Since we’ll be doing all our research in materials freely available to the public, and since I know a lot of online material currently available from FDsys will only take me back so far in time, I thought I’d start with the Catalog of Government Publications, and use my term paper as a chance to critically review MetaLib, their new federated search tool. My training thus far at SILS has taught me to always click the “Advanced Search” screen, and I quickly found one small complaint. The interface gave me options to choose a “quick set”, resources bundled by subject area, but how great would it be to select two areas in the “quick sets”? For my search, I knew there would be material on Vieques in both Environment and Defense & Military, at least, but I had to search one at a time. But by starting with Defense & Military, I found a CRS Report from 2001, with background and information on the Vieques training operation (and CRS reports, we have learned, are like gold.) I also found a hearing from the Committee on Armed Services from 1980, which I bookmarked as interesting. So far, so good.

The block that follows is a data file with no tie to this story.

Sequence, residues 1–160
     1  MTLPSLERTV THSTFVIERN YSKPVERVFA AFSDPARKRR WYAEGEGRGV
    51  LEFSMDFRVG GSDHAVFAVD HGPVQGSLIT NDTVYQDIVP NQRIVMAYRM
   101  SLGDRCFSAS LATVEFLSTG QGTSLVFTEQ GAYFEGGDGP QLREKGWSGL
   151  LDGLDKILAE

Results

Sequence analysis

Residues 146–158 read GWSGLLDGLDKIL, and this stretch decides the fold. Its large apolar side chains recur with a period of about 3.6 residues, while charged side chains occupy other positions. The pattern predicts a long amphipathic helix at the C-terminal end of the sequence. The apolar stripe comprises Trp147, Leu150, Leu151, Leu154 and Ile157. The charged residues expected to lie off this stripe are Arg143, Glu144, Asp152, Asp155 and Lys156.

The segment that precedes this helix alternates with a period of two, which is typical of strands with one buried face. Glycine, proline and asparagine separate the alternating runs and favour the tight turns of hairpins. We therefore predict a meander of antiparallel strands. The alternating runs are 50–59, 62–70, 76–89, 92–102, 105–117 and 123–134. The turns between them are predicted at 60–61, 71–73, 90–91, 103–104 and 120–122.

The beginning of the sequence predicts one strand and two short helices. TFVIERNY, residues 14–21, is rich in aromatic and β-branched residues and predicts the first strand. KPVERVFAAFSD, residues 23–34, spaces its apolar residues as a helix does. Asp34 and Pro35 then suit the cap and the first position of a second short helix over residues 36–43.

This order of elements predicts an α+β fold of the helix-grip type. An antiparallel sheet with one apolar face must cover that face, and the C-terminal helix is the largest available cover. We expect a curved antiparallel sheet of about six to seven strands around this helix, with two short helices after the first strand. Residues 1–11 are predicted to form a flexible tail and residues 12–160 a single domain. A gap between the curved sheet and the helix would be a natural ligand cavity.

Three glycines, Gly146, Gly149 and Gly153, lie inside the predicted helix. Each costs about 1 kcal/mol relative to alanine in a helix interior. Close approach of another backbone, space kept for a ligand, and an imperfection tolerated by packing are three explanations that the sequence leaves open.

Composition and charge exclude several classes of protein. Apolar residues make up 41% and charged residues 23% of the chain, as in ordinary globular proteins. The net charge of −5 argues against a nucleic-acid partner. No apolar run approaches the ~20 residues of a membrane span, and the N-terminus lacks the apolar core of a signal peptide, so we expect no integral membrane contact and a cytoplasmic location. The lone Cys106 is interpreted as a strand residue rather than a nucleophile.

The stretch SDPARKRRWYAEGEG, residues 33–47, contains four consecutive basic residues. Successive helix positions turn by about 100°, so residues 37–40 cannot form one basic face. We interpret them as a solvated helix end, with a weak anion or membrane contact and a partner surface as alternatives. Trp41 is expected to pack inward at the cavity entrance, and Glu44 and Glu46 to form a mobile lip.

With 66 records in MoCAT for just this area, Defense & Military, my search results were also sortable by topic, date, and author. I found myself wishing there was a way to search by type of resource, and when I backed up a little, I noticed an “Expert” search setting. Expert allowed me select which resources within each “quick set” but also to switch to Agencies, where I could select and deselect which resources might be most relevant to a targeted search, which I think is pretty useful. For each resource, I could click the info icon for more details about the collection. Even more intriguingly, I had the option to add an individual collection to the clipboard, and then create my own research set, which I could name. Then (somewhat unintuitively) I could return to Advanced Search, and use my own research set as a basis for my search.